One day, suddenly the milestone markings on the Chittoor-Vellore National Highway 77 in Tamil Nadu changed form.
The names of places in English were erased and written in Hindi instead, that too flawed. It created trouble for the drivers and the travelers who didn’t know Tamil or Hindi. It’s an instance of the Centre’s hardcore nationalism targeting linguistic sub-nationalism. The very next day after the Narendra Modi government came to power, in a directive issued by the Home Ministry, government employees and institutions were instructed to write their social media posts in Hindi. They could post in English as well, if they wished. When new notes of 500 and 2000 were printed Devanagri numerals were added violating the Munshi-Ayyangar formula during the framing of the Indian Constitution. An old Parliament committee report has been pulled out and sent to the President for approval. All dignitaries starting right from the president should now onwards deliver their speeches and statements in Hindi. Although those who doesn’t speak Hindi are exempted, the directive of permitting only those who know the language in senior positions, wouldn’t take much time to come to effect. Hindi has been a mandatory subject for the students of the CBSE and Kendriya Vidyalaya. The decree makes Hindi as well an optional medium for exams and interviews in non-Hindi-speaking states. At the same time, there are no provisions for permitting Malayalam, Tamil or Bengali in Hindi-speaking states. It’s the mandatory duty of the senior officials to create extensive facilities for learning Hindi in offices and government departments and also to ensure that the employees are grasping the language. As many as 110 recommendations like the above have been now accepted by the President.
Given that multiplicity and diversity are considered the rich heritage of the country, many oppose the move towards creating a uniform culture in language like the beliefs and practices. Many prominent leaders in Tamil Nadu such as DMK leader Stalin, Vaiko, leader of MDMK, S Ramadoss of PMK, Saugata Roy of Trinamool Congress in Bengal, H D Kumaraswamy, leader of Janata Dal (S) in Karnataka and Jaya Prakash Narayana, leader of Lok Satta in Andhra Pradesh have opposed the imposition of Hindi by the Centre. Street protests took place in Odisha, Tamil Nadu and Karnataka. Many including those with mother tongue as Hindi express their opposition in social media. The arguments they pose cannot be ignored. The several language agitations in the country before and after independence that led to the death of many subsided only after the assurances given by the Prime Ministers like Nehru, Shastri and Indira. The promise was that Hindi wouldn’t be imposed until the language was accepted on their own. Indians are content with the three-language formula in educational institutions as well as in using Hindi and English for communication between the states. The Centre is at present creating an unnecessary provocation. Both Hindi and English are ‘official’ languages. There is nothing like ‘national language’ as such. All regional languages have their own significance and relevance. Even in the Constituent Assembly, the decision to promote Hindi later rather than English was accepted with a mere one-vote majority. Those with Hindi as their mother tongue constitutes only 26 per cent in India even today.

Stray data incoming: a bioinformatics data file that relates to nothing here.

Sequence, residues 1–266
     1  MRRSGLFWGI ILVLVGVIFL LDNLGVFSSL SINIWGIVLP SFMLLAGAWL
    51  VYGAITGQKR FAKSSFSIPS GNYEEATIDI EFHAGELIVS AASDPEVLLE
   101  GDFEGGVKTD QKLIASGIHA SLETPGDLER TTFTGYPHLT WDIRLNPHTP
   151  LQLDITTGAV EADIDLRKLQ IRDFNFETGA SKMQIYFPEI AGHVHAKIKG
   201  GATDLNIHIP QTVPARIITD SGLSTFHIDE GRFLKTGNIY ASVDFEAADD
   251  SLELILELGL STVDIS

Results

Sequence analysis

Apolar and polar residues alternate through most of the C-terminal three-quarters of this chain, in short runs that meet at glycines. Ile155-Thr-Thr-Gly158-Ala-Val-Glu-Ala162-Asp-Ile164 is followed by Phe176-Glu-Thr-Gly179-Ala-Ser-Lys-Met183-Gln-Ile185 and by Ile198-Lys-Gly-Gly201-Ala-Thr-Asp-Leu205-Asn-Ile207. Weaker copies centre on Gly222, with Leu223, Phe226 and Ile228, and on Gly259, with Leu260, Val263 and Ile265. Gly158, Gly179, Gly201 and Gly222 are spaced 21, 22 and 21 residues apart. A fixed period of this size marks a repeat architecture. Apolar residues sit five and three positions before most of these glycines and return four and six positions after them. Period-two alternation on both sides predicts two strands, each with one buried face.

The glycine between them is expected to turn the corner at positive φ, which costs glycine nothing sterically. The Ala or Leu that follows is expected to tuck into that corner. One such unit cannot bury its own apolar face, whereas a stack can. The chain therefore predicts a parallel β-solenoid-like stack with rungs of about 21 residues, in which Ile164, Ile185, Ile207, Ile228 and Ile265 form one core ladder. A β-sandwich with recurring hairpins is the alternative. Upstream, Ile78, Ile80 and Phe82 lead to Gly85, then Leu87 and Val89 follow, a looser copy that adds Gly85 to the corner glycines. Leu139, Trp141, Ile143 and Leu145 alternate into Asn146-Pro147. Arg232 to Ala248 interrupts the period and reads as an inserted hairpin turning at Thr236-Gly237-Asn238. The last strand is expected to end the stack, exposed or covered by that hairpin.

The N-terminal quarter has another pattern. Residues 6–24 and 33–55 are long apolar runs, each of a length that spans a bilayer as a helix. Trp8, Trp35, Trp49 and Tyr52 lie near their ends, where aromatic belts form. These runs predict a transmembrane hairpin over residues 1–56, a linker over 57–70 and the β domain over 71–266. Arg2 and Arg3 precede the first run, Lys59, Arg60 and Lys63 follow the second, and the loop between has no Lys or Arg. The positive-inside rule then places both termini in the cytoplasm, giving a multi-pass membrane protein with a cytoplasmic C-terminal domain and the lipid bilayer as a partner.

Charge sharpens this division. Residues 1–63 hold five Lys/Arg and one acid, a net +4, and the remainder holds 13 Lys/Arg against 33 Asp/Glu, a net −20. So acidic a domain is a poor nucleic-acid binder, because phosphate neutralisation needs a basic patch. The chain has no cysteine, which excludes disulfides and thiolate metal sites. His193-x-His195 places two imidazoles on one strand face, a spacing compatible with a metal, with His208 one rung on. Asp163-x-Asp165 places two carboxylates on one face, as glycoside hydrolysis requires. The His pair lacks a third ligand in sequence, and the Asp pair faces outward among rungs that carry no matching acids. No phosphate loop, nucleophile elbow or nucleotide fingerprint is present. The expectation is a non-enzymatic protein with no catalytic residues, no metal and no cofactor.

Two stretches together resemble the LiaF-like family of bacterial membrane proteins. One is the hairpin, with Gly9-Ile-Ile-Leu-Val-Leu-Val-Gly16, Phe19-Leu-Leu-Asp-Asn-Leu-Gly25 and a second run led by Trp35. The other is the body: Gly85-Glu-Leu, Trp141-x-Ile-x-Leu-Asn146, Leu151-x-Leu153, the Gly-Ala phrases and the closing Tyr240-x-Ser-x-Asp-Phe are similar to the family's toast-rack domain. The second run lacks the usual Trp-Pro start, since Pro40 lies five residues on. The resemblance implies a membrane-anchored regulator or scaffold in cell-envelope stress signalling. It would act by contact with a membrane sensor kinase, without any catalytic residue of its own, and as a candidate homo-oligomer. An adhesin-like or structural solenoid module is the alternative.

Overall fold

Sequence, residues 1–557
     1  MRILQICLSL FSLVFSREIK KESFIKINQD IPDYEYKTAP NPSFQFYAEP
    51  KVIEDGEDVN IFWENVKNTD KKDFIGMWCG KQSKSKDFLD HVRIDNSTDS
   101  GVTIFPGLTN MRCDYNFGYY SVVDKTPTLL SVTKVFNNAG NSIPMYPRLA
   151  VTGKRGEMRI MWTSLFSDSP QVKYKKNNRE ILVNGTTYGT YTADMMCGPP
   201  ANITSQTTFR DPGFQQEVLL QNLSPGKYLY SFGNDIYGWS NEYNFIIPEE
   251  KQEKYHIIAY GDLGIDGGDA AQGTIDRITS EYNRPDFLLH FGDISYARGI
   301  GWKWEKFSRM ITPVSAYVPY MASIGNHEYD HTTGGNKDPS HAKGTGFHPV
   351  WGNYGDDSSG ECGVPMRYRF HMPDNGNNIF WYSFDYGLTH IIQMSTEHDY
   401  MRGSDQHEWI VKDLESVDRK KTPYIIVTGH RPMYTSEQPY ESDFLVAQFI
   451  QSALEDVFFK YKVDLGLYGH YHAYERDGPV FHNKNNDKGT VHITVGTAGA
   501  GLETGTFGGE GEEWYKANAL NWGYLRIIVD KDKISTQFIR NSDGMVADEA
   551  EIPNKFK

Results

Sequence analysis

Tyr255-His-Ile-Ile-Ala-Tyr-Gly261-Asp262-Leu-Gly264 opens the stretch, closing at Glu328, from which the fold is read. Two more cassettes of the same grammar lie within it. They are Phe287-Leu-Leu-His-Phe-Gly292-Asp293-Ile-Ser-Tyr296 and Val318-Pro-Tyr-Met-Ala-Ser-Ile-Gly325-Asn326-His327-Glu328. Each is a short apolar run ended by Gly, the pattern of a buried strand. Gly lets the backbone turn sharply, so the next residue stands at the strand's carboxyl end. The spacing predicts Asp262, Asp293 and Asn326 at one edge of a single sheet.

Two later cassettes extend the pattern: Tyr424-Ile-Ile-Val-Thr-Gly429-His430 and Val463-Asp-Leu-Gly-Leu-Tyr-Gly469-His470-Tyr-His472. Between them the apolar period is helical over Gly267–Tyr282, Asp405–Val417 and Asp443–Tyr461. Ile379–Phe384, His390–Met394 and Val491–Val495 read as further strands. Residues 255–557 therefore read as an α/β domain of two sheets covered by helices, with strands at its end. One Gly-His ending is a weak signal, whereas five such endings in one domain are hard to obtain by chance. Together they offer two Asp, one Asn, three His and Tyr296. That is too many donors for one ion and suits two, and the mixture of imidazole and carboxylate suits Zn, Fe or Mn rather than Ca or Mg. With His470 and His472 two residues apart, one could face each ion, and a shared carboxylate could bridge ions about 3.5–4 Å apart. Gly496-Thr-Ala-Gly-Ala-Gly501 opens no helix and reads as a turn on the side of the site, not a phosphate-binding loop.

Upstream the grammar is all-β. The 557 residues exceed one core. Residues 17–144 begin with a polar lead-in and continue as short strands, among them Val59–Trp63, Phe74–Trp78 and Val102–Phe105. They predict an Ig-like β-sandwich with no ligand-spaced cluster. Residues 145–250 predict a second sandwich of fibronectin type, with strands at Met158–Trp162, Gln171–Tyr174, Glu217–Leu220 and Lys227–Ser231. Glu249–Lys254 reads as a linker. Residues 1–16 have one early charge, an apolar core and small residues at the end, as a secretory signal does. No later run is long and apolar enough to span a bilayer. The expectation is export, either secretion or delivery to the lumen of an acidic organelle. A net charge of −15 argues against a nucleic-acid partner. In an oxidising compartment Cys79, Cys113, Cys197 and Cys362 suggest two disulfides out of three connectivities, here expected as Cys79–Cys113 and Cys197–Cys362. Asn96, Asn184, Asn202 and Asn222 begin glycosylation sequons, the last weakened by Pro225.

The new recommendations are discriminatory against the non-Hindi-speaking states that forms the majority. Of the 22 languages designated in the Constitution, permission has to be sought in advance in order to speak in any language other than Hindi and English in the Parliament. Directing that the Ministers and MPs from the non-Hindi-speaking states should from now onwards speak only in Hindi is akin to suppressing their voice as a whole; it’s equal to the neglect of the people they represent. There arise a lack of equal opportunities for non-Hindi-speakers in schools and in exams. Given that the tax money that flows to the Centre’s fund is not only that of the Hindi-speakers, such discriminations and impositions inviting criticisms is natural. Many point towards the peril and anti-nation sentiments likely to be triggered by the Centre’s move by reminding that the Bengalis reacted against the imposition of Urdu language in East Bengal by separating themselves from Pakistan. Respecting India’s rich diversity in all sense is respecting the nation itself; destroying it is akin to destroying the country. When that multiplicity is shattered in the name of nationalism, it’s the national interest that is actually getting crushed. Similarly, the opposition of the Kannada-speakers in Kasaragod when Malayalam was made compulsory in the schools of Kerala should also be considered in the same sense. The interests of the linguistic minorities shouldn’t be violated. Love for a particular language is fine but not lunacy.